[Tagging] Feature Proposal - RFC - Discouraging the use of deprecated schemes

mail at marcos-martinez.net mail at marcos-martinez.net
Mon Mar 22 15:42:12 UTC 2021

Hi Frederik, I couldn't disagree more. First of all because it is
incoherent with nowadays reality. What you are saying is that there
should be/are basically no enforceable tagging rules because I see they
are being enforced from time to time. Enforceable in the sense of
someone tagging against established consensus (whatever this is and
however this is measured), thus being corrected and upon insisting and
starting a tagging war being banned, e.g. based on this assumption a lot
of questions arise: 

Let's imagine there is a new motorway build in a country, I map it from
scratch and tag it as highway=fast_road. Very likely this will be either
changed to "trunk" or "primary" because this is the consensus that our
community has agreed upon. According to you, why should I bother about
what the wiki says? In the end it is just a kind suggestion and I don't
like being bullied around with strict rules. I am not free to use any
tag I like? Who are tho others trying to impose their criteria over
mine? Maybe I am alone and they are more but who said they represented
the whole community? How many voices are enough to be considered
community consensus? 

Why is JOSM warning when it detects tags such as "is_in"? What if I like
"is_in", so why does it bully me to not use it? Anyway, who makes the
rules in this project? Who invented the "any tag you like" paradigm and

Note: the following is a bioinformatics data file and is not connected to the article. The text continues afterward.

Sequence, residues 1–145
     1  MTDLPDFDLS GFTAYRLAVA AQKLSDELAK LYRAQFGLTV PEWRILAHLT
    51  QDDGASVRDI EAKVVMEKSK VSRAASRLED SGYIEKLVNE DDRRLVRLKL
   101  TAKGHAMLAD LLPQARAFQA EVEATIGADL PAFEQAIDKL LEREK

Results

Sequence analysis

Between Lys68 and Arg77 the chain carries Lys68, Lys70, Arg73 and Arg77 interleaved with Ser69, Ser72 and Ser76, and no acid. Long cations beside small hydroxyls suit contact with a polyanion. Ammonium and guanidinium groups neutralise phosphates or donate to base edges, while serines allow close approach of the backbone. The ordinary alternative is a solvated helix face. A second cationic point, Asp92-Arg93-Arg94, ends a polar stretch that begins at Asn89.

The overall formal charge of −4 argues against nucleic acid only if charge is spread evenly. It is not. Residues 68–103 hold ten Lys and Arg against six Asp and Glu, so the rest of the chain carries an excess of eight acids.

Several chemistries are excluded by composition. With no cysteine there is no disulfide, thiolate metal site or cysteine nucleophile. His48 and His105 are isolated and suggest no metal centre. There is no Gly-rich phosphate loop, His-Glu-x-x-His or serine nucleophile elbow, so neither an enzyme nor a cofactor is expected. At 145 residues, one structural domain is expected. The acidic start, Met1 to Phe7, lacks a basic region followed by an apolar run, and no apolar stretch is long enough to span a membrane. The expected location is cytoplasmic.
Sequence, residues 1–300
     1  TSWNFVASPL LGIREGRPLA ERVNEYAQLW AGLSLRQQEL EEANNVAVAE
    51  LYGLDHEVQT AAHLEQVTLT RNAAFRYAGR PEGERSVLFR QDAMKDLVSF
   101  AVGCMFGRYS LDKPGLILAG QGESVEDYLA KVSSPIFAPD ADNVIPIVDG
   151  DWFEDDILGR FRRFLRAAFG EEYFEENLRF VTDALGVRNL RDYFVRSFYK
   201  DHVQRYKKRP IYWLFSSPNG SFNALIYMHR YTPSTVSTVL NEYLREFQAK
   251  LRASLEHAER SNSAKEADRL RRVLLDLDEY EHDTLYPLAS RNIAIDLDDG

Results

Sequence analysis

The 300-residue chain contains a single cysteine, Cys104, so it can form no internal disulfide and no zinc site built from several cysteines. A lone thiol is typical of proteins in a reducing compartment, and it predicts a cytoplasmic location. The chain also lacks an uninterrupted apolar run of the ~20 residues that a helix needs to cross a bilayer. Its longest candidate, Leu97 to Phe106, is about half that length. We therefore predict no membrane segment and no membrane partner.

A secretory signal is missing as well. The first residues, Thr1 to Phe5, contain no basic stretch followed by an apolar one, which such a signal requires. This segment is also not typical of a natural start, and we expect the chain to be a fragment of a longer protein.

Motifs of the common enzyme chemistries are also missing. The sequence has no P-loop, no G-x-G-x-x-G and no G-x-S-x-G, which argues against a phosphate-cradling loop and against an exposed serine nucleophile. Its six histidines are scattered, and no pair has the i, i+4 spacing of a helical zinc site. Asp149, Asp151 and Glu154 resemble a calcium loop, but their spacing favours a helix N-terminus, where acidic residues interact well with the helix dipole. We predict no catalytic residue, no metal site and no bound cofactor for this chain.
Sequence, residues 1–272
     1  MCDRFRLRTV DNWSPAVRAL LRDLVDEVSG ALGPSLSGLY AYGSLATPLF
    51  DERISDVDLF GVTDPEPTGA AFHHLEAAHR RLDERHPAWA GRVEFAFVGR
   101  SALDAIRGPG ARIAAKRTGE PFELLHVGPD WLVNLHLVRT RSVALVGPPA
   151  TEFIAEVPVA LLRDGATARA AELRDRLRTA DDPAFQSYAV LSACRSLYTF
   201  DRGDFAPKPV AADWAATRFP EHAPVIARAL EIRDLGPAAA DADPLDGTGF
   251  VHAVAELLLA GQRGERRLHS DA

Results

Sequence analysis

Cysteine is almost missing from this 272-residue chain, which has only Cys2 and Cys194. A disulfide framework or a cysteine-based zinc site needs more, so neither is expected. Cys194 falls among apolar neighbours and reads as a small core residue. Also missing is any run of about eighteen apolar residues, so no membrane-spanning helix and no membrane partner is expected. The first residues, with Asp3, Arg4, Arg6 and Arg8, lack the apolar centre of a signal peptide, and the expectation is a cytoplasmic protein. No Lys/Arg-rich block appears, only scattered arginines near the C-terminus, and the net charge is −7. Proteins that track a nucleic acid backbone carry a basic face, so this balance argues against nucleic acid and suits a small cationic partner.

what evidence is there that the community supports this paradigm? Was
there a vote for "any tag you like" and if there was, what meaning would
it have anyway? Taking into consideration there are millions of
contributors worldwide, what sense does it make to have votes and
different mailing lists when the ones participating are only a tiny
fracture of the community and decisions and votes turn out to be nothing
more than a bar chat for those who have too much spare time so we can
align among us 20 or 30 on how to tag something for fun within our nerd

All the above is of course rhetorical. The freedom of OSM should be
related to the freedom of the data, not something like free speech in
order to express yourself artistically as an individual. I firmly defend
that OSM needs rules to maintain data consistency. These rules need to
be established somehow (and it should be our highest priority to get
this process right to make sure everybody can participate) and there
might be some that don't like them but this is how a collaborative
project works: We build something together and agree on how to do it.
Right now it seems more like the opposite, we discuss a lot and then
everybody walks off and people will eventually do as they please anyway.
We absolutely need mechanisms to take real decisions and if, as you have
correctly pointed out, there are always the same few 30 nerds that take
them we need to involve more people - the more the better. Imagine
thousands debating about tags - we probably would need other tools than
just a mailing list to tackle the challenge. But this doesn't make the
need for rules go away. 

I challenge all of you to provide an short answer: In an ideal world, do
you at least agree on the desirability to have a database which is
consistent? Would you consider it positive if people voluntarily tagged
in an aligned manner? Because if the answer is no than the whole
discussion is pointless. 

The more OSM advances the more it reflects the huge complexity of our
planet. We are not only tagging streets, buildings, lakes and wood areas
anymore but highly complex turn lanes, kerbs and opening hours depending
on if it is for the kitchen, the reception or phone service of a POI. We